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IRS Installment Agreements

Back taxes, penalties and years of accrued interest can result in large tax debts totaling in the tens of thousands of dollars. Many people cannot afford to pay these debts outright. However, failure to take appropriate steps may expose you to IRS collection procedures including wage garnishments, bank levies and liens on your property.

At Perliski Law Group we frequently use Installment agreements to reduce and manage a client’s tax liabilities, and avoid aggressive IRS collection procedures.

Requirements for an IRS Payment Plan

When determining whether a taxpayer qualifies for an installment agreement, the IRS evaluates an individual’s income and monthly expenses to determine the amount that can be paid toward the tax debt each month. The IRS may also examine a taxpayer’s personal and real property, require properties with equity to be liquidated and the proceeds paid toward his or her tax debts.

In order to approve an IRS payment plan, the IRS will require full financial disclosure either on a 433-A, 433-B or 433-F Collection Information Statement.

The financial statement will require you to disclose all of your assets, income, and expenses. The purpose of these forms is to determine first whether you have any assets you can sell to pay the debt quickly, and, if not, then how much you can afford to pay them each month.

The guidelines and formulas employed by the IRS are often not realistic and all too often fail to take into account the true expenses of the taxpayer, resulting in payments that can be very high or just unworkable. Properly completing these forms is critical to negotiating an IRS payment plan you can afford.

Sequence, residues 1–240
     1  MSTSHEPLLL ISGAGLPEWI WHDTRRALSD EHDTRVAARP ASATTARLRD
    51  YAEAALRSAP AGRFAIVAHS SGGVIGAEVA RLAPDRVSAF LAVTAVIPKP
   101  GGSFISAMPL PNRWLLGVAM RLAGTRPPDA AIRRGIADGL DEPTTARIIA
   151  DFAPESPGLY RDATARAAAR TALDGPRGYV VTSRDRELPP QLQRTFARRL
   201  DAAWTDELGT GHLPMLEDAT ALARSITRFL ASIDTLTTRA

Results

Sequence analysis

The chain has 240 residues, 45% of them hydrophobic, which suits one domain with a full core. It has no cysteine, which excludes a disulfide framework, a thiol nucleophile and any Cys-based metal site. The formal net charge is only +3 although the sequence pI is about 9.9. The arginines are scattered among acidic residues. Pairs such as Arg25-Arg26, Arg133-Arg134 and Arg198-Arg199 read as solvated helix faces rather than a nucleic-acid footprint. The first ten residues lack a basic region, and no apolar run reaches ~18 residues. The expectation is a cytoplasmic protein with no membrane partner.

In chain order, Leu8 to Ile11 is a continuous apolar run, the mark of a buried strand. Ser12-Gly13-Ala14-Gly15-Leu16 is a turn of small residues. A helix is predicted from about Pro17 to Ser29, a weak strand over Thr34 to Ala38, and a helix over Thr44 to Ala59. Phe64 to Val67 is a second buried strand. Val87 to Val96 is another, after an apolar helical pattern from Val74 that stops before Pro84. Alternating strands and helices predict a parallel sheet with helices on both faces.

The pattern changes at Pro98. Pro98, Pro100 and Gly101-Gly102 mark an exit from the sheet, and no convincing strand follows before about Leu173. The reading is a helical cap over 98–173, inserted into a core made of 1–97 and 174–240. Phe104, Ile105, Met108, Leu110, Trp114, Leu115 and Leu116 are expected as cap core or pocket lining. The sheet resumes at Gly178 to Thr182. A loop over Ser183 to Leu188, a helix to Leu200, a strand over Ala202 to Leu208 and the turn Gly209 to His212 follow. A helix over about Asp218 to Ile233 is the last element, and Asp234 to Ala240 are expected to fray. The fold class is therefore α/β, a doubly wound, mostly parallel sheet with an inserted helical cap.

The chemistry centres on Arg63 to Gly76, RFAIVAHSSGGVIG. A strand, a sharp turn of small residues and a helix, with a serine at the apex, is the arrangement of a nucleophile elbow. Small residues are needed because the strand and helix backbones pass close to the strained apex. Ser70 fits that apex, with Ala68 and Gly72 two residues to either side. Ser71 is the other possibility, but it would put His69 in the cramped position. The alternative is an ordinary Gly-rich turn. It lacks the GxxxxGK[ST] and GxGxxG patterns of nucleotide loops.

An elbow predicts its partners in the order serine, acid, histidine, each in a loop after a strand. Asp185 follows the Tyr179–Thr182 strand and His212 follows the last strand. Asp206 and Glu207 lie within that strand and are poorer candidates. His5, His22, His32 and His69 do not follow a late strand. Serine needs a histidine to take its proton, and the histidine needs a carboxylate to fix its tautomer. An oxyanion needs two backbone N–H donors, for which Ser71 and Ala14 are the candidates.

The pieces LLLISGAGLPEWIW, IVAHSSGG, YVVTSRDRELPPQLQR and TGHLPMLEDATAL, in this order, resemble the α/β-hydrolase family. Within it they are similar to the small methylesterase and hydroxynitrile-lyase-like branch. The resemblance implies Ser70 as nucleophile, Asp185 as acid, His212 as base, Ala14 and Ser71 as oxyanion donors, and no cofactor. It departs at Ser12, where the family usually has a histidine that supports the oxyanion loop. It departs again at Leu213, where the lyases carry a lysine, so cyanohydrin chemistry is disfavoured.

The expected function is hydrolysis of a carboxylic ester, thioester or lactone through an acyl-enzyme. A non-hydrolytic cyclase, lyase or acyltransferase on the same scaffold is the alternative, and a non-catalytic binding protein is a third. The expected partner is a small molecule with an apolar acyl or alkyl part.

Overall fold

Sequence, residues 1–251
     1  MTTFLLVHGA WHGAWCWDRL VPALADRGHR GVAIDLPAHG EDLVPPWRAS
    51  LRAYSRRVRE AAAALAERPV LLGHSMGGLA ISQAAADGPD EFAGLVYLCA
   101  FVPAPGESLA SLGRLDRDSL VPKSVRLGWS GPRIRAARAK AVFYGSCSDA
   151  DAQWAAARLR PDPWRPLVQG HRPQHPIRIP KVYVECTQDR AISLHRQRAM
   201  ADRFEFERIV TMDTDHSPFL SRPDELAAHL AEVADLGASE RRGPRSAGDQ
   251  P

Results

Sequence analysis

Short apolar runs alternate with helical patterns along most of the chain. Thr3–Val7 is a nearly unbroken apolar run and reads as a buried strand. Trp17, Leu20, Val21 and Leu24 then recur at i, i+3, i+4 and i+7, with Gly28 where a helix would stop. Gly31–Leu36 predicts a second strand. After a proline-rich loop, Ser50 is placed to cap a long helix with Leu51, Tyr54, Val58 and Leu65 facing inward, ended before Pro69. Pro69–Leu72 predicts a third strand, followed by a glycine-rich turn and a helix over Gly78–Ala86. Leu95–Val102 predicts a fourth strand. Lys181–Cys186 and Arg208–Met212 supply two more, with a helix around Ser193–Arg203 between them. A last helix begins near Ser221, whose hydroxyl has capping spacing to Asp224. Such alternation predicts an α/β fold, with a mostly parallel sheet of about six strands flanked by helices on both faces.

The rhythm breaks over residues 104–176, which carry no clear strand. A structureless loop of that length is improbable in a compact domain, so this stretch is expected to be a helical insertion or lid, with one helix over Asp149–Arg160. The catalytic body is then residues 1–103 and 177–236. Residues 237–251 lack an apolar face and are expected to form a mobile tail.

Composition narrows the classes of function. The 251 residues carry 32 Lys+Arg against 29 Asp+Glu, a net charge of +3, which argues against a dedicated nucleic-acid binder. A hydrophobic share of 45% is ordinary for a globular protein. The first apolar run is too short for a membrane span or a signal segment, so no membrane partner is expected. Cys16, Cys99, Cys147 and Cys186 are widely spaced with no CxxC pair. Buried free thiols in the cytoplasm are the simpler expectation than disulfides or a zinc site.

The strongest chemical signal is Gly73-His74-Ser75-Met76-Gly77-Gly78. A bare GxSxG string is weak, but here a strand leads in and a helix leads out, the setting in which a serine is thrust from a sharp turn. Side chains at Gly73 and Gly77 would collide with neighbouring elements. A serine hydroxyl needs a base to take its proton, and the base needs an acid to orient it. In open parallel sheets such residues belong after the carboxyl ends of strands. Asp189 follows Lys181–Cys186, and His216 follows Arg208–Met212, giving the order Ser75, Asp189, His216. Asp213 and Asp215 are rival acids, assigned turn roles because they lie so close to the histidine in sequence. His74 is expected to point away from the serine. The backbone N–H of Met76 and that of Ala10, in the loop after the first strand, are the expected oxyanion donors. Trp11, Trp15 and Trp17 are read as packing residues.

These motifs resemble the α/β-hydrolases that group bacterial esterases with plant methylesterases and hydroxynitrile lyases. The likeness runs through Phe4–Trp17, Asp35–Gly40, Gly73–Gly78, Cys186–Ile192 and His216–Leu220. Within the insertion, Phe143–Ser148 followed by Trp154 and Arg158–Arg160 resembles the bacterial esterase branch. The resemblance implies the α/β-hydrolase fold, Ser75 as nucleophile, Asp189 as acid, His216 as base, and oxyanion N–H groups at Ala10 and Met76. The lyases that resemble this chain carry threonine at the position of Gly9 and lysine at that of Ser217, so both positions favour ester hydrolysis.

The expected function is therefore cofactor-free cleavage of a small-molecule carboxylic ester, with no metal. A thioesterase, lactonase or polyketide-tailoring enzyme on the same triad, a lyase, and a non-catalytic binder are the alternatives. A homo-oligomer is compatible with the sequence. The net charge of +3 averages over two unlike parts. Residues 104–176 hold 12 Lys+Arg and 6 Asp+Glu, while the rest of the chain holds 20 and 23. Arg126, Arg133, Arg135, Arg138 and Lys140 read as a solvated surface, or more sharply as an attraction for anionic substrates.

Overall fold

IRS Payment Plan Options

The IRS has many Payment Plan programs available which will give you from four months to ten years to pay the back taxes.

  • Guaranteed IRS Payment Plan or Installment Agreement: if you owe the IRS $10,000 or less of income tax, you are “guaranteed” an IRS payment plan over three years.
  • Streamlined IRS Payment Plan or Installment Agreement: if you owe $25,000 or less in non-trust fund taxes, you qualify for a five year IRS payment plan.
  • Non-Streamline IRS Payment Plan: This option requires full financial disclosure and if the IRS determines you can pay the back tax debt faster by liquidating assets or borrowing the money, they will most likely deny your request for an IRS payment plan. Otherwise a payment plan is established based on what they believe you can afford to pay, and negotiation plays a crucial role in a positive outcome.
  •  IRS Partial Payment Installment Agreement: The IRS allows taxpayers who can’t pay their back tax liability in full within five years to qualify for an IRS payment plan. Full financial disclosure is required by the IRS, meaning that you must provide a detailed financial statement and proof of your income and assets. Under a partial payment installment agreement, you make monthly payments until you either pay it off or the statute of limitations expires. Any debt remaining after the statute of limitations expires is forgiven.

Have a Question?

Perliski Law Group IRS Tax Controversy

The Perliski Law Group understands that dealing with the IRS can be stressful. Our attorneys are all admitted to the U.S. Tax Court and have many years of experience working with IRS collections issues. We have broad shoulders; let us step in and negotiate on your behalf. During your free initial consultation, we will explain the options that may be available to you.

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